Just because the BulletBoys will always be known for their debut music video released at the height of MTV's heavy metal era 25 years ago doesn't mean the '80s glam band from Los Angeles hasn't put out kick-ass heavy rock music since.
Those who bothered to show up for Thursday night's free show at the Tequila Rock Bar on the premises of Backstage Live saw as much first-hand. They saw that the BulletBoys are more than just the "Smooth Up In Ya" group. And they saw that singer/guitarist Marq Torien -- the band's sole remaining original member -- will play for anyone, anytime, anywhere.
Rocking a 60-minute set mainly comprised of songs from their self-titled 1988 debut album and latest all-original studio effort -- 2009's 10 Cent Billionaire -- the BulletBoys put the emphasis on rocking out and having a good time.
The attendance that barely bushed 60 fans was 100 percent a sad commentary on the state of metal in San Antonio, not on the BulletBoys or support acts Stone Senate, Prophet Within and Chankla (did we mention the show was free?).
Moments after opening with 10 Cent Billionaire's "Born To Breed" and segueing into the debut's "Hard As A Rock" and "Hell On My Heels" -- the latter with its "1, 2, f--- you" beginning -- Torien shared his band's plight with the crowd.
"We haven't gotten paid, we didn't get rooms, but there's only one reason I drove eight hours to play for San Antonio, one of my favorite places in this country to play," Torien said. "And that's to play for you people." As the cheers subsided, Torien added, "I'm not chicken----. I don't leave people hangin'."
Considering the BulletBoys were in Dallas the night before, which is only four hours away, Torien exaggerated slightly. But he could be cut some slack given that his passion for rocking out no matter the crowd size, and making a living after all these years in an industry that continues to struggle, is admirable. Of course, it may have helped just a tad that Torien told the fans on two occasions, "You guys kicked Dallas' ass last night." So what if he probably said the same thing to El Paso about San Antonio after leaving our fair city. The point was well-taken.
So from there, to paraphrase fellow '80s glammers Poison, it was nothing but a good time. Torien, guitarist Nick Rozz, bassist Chad MacDonald and new drummer Davee G launched into classic diehard favorites "Kissin' Kitty," "THC Groove" and their cover of The O'Jays' "For The Love Of Money" along with other newbies "Road To Nowhere" and "Wasted" (see my video at bottom).
Quintet Stone Senate brought their brand of bluesy and loud hard rock to the Alamo City for the first time from their native Nashville, Tenn., and quickly won over the crowd. Having opened up for the BulletBoys since Jan. 2, singer/guitarist Clint Woolsey and his bandmates were more than gracious on several occasions for playing here and genuinely enjoyed making some new fans. Songs such as "Dreams" and "Love's A Disease" gave those in attendance the jump on any future shows this group may play here by turning them on to a band that you'd be glad to tell your friends, "Hey, I was there at this band's first San Antonio gig, and they're definitely worth checking out."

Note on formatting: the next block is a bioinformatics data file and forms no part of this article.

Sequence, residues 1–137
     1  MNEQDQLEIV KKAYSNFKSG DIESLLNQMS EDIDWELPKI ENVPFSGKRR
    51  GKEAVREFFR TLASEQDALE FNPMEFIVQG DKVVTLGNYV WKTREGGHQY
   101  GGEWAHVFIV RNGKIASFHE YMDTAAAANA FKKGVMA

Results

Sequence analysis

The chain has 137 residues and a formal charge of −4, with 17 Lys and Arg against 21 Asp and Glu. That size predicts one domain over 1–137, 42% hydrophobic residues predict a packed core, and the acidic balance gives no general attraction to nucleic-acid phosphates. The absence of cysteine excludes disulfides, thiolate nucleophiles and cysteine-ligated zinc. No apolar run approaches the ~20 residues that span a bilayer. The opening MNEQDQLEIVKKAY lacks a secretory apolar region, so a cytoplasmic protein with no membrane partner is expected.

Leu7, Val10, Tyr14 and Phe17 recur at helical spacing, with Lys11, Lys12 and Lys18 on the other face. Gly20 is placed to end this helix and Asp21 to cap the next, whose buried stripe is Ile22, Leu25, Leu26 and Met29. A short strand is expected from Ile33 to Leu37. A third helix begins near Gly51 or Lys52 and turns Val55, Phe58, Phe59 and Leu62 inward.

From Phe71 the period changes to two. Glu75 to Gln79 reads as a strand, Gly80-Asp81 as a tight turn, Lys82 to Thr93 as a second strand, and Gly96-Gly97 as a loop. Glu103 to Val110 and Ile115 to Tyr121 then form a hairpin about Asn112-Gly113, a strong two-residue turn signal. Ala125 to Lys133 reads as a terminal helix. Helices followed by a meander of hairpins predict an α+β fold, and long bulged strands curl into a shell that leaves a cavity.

San Antonio's Prophet Within and Chankla got things started off. The former, a Christian group that plays frequently throughout the city, played several originals and ended with its customary cover of Alter Bridge's "Rise Today" (click on slideshow at top).
That all set the stage for the BulletBoys.
When "Smooth Up In Ya" kicked in to wrap up their set ending at 12:25 a.m., the tallest gentleman in the venue attempted to start a mosh pit. He was quickly grabbed around the neck and wrestled to the ground by a shorter, but stronger, individual who didn't exactly enjoy being pushed around. When order was restored and the song concluded, Torien asked the crowd if everyone was OK, adding, "Hey, I grew up in East Los Angeles. We don't need to fight. What this country needs is forgiveness, peace and understanding."
Again, point taken. But what San Antonio needs is some more devotion on the part of all metalheads and rockers to attend shows. Even if you stopped following a so-called '80s band several years ago, there's not much excuse when the gig is free.
Venues are not immune from doing their part either. Thursday's gig was advertised all along as taking place at Backstage Live, not at the diminutive Tequila Rock Bar next door. Further, according to a member of one of the opening acts, the bands were not made aware what time they were playing until arriving for unloading at 6 p.m. -- an hour before the doors were scheduled to open. They also counted on setting up shop at the much larger (stage and capacity-wise) Backstage Live rather than at the Tequila.
Thankfully, artists such as the BulletBoys have no problem putting all that aside to play no matter the circumstances. It's proof that, in turn, the metal scene could use more bands like them.
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